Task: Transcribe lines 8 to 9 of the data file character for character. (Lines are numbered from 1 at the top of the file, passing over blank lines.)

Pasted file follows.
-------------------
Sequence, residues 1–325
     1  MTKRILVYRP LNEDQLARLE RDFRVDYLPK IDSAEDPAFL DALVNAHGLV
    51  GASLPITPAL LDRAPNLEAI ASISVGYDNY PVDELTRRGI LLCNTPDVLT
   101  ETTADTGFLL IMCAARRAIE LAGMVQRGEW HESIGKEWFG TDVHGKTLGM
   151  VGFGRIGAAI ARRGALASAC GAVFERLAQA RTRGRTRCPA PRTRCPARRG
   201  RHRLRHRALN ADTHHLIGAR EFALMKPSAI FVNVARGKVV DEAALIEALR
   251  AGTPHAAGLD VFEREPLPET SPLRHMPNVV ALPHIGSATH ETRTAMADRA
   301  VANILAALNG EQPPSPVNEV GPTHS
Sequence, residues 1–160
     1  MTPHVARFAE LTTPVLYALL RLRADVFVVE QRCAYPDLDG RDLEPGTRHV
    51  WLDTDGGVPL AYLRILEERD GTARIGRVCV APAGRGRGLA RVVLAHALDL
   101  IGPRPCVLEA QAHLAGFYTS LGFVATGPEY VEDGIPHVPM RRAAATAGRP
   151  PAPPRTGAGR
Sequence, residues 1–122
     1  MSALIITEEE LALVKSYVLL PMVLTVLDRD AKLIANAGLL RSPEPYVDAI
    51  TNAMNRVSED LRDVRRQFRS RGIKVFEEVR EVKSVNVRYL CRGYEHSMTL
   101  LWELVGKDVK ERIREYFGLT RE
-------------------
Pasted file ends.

   301  VANILAALNG EQPPSPVNEV GPTHS
Sequence, residues 1–160